Why 2015 Is the Year of Enough
In Search of Perfect is not perfect.
For a year, I allowed this simple idea to keep me from writing and doing what I love most — sharing my travel stories with the world. I felt that my writing was not professional enough, my photography not good enough, my website not interesting enough. I was paralyzed by my own fear and let it take over my passion.
Worse than that, as soon as I gave fear a little space in a corner of my soul, it took over the whole room. I beat myself up for not writing more and for not making progress towards my dream and my goals. Everything was a battle and nothing was good enough. I was no longer inspired and the well of my soul was dry.
Somehow I lived through 2014 in this futile state. I traveled. I swam in the azure waters of U.S. Virgin Islands, descended down Colorado’s mountainous slopes, got lost on the streets of Lisbon, and drank Sangria in Spain with a spirited flamenco street band. But the well of my soul was still dry.
A thousand surfs on the shores of Lisbon
And then something happened. I woke up changed one hopeful January morning. Like a shoreline shifting its shape after a thousand surfs, I changed quietly and without notice. For the first time in years I felt free and peaceful. The pressure I used to put on myself was gone. I started trusting my life’s timing and believed that the pieces would fall into place. I began writing again and finished a beautiful piece of work. I came back to my website and realized it was beautiful, too. The writing was enough. The photography was enough. Most importantly, my life, with all of its imperfections, was enough.
I still have my dream of living a location-independent lifestyle and traveling the world slowly. I still have my goal of making a living by publishing travel stories. I still want my work to inspire people, and to do so not through Buzzfeed-style lists, but through deep and evoking pieces that provoke conversation and thought. And even though today’s bite-sized internet consumption habits are working against me, I know that somewhere, someone is surely interested in more than a skin deep reading.
I still have my dreams and my goals, but there is a marked difference between my current self and the one from a year ago. This older self is growing into a person she always wanted to be — confident in her work, patient with her progress, content with her life right now. I love her so much, and I know she is simply enough.
Sleepy groves on a train journey through Spain
This is what I am doing to turn 2015 into the year of enough:
A little simplification goes a long way. I cleaned up my Facebook and other social feeds to have less distractions and more useful, inspiring thoughts. I went through my household items and donated the ones I no longer needed. I took a hard look at my thoughts and left guilt, fear, and self-doubt behind in 2014. It is important to recognize that just like dust accumulates in your house a few weeks after a thorough cleaning, so will negative thoughts and feelings if you leave them unchecked. If you let it, this ‘emotional garbage’ will weigh you down and keep you from being extraordinary. So clean and simplify often.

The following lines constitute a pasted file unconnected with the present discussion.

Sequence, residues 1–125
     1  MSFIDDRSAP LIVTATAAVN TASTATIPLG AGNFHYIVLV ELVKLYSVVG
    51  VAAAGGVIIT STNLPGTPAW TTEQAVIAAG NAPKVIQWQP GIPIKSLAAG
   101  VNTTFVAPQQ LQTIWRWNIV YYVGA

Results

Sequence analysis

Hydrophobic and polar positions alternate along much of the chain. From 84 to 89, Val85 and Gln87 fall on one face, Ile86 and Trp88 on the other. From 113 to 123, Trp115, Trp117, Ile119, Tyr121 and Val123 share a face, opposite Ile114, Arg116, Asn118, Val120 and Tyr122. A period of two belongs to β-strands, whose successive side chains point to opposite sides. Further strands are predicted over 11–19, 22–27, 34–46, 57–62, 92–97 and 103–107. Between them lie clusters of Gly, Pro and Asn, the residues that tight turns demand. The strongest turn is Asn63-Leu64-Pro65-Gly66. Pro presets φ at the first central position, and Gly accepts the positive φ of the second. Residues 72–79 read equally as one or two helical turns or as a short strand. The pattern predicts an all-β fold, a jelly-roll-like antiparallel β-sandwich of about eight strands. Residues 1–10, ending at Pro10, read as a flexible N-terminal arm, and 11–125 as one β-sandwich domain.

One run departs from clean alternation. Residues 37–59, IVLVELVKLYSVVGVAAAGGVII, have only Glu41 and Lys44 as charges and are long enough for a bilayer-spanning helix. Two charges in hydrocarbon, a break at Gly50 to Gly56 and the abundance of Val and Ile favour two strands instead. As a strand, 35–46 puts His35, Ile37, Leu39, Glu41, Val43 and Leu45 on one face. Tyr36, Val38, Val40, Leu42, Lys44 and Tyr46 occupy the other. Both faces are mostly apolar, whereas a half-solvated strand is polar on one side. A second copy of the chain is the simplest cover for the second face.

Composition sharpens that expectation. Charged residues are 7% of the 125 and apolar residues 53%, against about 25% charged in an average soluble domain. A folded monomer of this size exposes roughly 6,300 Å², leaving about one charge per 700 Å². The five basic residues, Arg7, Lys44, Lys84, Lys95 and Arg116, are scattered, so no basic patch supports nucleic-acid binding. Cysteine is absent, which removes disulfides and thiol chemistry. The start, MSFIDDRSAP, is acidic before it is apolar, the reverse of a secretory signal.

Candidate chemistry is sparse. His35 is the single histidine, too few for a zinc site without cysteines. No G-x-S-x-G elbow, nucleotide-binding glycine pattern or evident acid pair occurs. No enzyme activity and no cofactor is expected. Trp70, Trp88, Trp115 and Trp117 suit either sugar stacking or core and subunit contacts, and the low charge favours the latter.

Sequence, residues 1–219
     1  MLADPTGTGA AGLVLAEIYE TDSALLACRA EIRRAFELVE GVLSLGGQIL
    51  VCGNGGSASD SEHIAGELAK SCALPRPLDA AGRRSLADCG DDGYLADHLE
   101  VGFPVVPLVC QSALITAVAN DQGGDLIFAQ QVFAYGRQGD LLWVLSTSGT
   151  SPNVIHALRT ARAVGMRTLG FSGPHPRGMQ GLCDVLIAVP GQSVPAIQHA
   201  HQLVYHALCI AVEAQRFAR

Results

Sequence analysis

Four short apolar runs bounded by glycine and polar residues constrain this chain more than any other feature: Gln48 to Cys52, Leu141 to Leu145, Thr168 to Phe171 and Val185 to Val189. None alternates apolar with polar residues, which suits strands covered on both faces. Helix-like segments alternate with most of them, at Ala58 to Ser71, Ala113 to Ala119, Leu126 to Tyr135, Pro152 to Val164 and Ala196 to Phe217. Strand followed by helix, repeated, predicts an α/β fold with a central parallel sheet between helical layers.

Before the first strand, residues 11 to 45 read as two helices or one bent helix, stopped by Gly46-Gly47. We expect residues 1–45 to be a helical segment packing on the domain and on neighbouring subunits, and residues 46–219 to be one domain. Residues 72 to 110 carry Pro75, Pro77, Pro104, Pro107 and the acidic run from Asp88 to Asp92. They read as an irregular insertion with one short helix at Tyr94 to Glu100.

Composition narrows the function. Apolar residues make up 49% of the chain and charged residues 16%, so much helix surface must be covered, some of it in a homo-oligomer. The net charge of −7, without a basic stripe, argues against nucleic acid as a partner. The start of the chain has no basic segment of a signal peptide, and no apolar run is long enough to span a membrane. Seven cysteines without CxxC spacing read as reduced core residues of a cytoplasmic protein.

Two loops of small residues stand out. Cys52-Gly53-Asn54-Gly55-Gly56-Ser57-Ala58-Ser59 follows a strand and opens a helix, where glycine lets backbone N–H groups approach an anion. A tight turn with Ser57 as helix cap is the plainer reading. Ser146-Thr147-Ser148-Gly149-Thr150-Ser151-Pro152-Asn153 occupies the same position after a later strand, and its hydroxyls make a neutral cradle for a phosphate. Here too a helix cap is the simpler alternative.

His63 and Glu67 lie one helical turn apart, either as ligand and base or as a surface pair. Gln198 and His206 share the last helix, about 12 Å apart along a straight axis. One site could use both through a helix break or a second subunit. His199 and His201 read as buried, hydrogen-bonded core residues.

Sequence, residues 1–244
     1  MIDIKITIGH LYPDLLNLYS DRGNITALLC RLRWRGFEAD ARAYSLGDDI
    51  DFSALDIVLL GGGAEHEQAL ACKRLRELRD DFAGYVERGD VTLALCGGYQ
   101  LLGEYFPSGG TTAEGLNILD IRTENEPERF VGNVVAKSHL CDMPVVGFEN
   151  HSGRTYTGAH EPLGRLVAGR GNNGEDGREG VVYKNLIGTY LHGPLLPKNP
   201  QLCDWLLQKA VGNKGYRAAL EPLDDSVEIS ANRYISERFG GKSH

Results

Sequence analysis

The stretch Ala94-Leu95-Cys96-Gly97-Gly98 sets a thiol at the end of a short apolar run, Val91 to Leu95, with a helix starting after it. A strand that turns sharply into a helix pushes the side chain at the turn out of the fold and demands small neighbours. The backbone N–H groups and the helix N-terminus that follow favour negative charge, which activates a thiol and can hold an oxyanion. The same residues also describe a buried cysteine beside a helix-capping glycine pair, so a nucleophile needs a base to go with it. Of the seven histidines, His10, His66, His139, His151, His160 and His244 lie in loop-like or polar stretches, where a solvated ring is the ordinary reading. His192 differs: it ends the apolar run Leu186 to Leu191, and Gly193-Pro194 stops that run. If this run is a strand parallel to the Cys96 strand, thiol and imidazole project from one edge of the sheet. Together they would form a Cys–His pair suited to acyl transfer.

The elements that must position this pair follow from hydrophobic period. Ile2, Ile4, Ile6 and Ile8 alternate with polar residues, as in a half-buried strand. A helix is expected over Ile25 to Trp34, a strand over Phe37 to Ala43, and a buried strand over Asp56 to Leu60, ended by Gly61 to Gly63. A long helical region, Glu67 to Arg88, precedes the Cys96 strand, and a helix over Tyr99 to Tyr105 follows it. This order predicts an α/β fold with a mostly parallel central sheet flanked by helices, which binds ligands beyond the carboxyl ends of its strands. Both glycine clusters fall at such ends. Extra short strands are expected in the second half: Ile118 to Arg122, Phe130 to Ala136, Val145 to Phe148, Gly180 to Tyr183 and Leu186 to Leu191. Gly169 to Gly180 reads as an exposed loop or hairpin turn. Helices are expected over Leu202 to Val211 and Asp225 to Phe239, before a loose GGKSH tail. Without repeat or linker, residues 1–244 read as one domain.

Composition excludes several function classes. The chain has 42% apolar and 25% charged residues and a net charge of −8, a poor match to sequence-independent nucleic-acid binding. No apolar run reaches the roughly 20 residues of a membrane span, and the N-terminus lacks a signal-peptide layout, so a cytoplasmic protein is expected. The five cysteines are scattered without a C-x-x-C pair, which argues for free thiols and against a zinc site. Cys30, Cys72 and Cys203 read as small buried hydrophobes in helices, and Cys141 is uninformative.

2. Trust the timing of your life
Trusting the timing of your life is perhaps a function of growing older. I used to give myself deadlines and expectations, and disappointment would follow when they were not met. Now I am much more relaxed and think that timing plays an important role in our lives. Note that this perspective does not mean you should wait for things to happen to you. Rather, it means that things sometimes take longer than planned, and sometimes don’t work out at all because of wrong timing. And all of it is okay.
3. Embrace detours
Related to trusting the timing, embracing detours means being patient. I realized that sometimes detours are faster than direct routes, and sometimes they take you in an opposite direction to where you wanted to go. And that is okay, too, because in the end you will arrive at a place that was waiting for you all along. This is the art of embracing the curveballs that life will surely throw at you.
4. Give thanks for plenty
Realize that you already have plenty. I am not referring to material possessions, although this perspective would certainly still be relevant. I am referring to feelings of dissatisfaction we all sometimes have. Recognize that whatever your peak or valley, someone on the other side of that mountain could have a more serious outlook. As I yearn to untether myself from a traditional lifestyle, an unemployed person is in need of a stable pay check. As someone is going through heartbreak, another person is dealing with serious illness. This perspective by no means diminishes our personal struggles (for we all have our own), but it simply acknowledges that someone, somewhere may be dealing with more.
5. Know what matters to you — and make your year matter
I finally realized that no one, and I mean no one, is responsible for my life and my well-being. I could continue living in fear and waiting for things to happen, or I could take responsibility for what happens to me and start building the extraordinary life I know I am capable of living. And while it only took me thirty one year to figure it out, I know now what matters to me, and I choose to making this next year matter.
I hope that you will join me in this journey and choose to make your year matter, too.
Originally published at insearchofperfect.com.
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I’m a travel writer, photographer, and a wanderpreneur. My work appears in Lonely Planet 2016 Literary Anthology, Upward Magazine, Matador Network & others. Learn more about me here